THE new home defence legislation introduced by the Government has received broadly positive feedback so far.
The Criminal Law (Defence and the Dwelling) Bill 2010, once passed, will clarify the law on the use of reasonable force by a homeowner protecting his or her property against an intruder.
Such clarification had been sought since the high-profile case in 2004 when Mayo farmer Pádraig Nally shot dead an intruder on his property.
Mr Nally was initially convicted of the manslaughter of John “Frog” Ward, but his conviction was quashed on appeal in October 2006 and he was found not guilty of manslaughter by a jury in a retrial.
Specifically, the new bill will:
nProvide definitions for such terms as “dwelling” and “property”.
nClarify the extent to which justifiable force may be used against an intruder.
nAllow for the use of lethal force by a homeowner, provided that it was justifiable.
nProvide that a person who uses such force, as is permitted by the bill, cannot be sued for any injury, loss or damage arising from such force.
Fine Gael justice spokesman Alan Shatter welcomed the bill but criticised its delayed introduction.
“The provisions contained in the bill which permit a homeowner or resident to use reasonable force to protect himself or his property, or to prevent the commission of a crime are welcome,” Mr Shatter said.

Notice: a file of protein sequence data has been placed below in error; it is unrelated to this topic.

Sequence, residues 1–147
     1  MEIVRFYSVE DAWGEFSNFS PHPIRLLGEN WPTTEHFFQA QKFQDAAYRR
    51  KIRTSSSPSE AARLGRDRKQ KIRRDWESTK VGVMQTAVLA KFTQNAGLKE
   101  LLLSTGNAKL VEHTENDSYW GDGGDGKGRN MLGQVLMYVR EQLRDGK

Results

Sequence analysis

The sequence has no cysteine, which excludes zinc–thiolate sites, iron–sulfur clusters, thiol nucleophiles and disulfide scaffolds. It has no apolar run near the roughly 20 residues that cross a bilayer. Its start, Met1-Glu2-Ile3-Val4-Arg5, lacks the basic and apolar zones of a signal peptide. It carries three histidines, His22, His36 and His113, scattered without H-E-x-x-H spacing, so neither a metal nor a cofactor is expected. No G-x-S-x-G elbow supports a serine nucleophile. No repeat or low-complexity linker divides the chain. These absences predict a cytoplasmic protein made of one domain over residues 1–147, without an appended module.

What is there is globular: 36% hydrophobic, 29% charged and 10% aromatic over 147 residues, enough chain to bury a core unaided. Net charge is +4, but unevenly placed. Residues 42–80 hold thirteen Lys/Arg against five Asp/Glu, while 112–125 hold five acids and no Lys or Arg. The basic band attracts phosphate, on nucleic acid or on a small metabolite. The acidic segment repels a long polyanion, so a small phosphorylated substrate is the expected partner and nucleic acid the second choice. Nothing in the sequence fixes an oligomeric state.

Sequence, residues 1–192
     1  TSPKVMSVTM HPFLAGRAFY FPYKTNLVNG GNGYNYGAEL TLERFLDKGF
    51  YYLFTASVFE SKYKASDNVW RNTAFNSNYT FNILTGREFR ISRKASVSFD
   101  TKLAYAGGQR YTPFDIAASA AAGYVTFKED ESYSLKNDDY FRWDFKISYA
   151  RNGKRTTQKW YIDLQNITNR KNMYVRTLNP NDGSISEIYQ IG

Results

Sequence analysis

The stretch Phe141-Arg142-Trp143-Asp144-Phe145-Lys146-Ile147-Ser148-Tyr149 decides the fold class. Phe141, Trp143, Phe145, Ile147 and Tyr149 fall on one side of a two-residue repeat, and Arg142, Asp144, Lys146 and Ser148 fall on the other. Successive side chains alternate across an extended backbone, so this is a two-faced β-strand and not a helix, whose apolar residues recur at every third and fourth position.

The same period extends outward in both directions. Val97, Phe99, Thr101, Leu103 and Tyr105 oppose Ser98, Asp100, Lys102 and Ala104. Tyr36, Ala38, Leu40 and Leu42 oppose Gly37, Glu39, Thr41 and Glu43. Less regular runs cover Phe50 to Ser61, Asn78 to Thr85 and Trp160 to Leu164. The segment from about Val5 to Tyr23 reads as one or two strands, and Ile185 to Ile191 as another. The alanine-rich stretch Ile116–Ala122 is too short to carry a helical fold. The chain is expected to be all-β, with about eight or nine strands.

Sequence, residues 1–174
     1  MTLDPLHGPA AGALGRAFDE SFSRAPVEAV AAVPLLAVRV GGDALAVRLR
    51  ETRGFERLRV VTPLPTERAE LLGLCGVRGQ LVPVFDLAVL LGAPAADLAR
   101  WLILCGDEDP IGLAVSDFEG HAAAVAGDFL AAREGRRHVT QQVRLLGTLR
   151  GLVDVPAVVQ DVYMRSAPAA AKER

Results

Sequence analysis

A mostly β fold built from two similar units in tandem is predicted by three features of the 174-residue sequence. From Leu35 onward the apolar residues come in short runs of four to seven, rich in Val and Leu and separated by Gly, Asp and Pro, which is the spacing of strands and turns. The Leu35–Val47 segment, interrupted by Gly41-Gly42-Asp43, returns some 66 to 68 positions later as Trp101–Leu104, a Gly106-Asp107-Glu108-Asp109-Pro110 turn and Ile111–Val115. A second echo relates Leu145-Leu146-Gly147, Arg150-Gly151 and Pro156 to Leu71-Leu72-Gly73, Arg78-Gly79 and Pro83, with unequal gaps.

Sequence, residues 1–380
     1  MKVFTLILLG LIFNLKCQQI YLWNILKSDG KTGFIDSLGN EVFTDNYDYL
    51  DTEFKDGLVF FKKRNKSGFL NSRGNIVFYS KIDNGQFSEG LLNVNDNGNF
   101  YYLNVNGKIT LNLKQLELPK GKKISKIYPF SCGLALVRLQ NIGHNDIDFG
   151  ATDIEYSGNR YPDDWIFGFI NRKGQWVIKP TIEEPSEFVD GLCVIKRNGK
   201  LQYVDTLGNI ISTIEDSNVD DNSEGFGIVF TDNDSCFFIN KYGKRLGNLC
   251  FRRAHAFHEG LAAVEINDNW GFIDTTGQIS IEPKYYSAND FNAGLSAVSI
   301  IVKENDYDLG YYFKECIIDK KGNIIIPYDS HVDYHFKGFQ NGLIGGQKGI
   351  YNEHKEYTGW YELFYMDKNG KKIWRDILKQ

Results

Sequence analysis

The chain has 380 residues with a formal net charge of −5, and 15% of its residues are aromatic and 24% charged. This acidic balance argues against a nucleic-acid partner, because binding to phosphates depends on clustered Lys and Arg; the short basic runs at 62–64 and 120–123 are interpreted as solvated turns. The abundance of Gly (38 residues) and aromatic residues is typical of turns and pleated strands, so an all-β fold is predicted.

“It is this fundamental reform in our law that has been required for many years. The need for it was highlighted by the circumstances of 2004 which resulted in the prosecution of Pádraig Nally.”
Mr Shatter said Fine Gael had twice published similar legislation in recent years, only to see it rejected by the Government.
“Had the Government adopted either Fine Gael measure the reform now provided for would already be part of our law,” he added.
Rural Link, the national network of rural community groups, also welcomed the bill, saying it was “sensible legislation” giving much-needed clarity to homeowners.
“This sensible bill reassures homeowners of their rights and understands that breaking into anyone’s home is an act of aggression,” said policy offer Seán O’Leary.
“Removing the obligation to retreat and allowing homeowners to stand their ground when their property comes under attack is a common-sense move. We hope it puts an end to the unfair situation whereby the victims who try to defend themselves and their families are fearful of prosecution.
“This bill is far from the ‘licence to kill’ sometimes portrayed, nor does it solve everything. We still need to address matters of rural isolation and how our more remote areas are policed.”
The Irish Council for Civil Liberties, meanwhile, said it would “closely study” the bill to determine if its provisions “are human rights compliant”.
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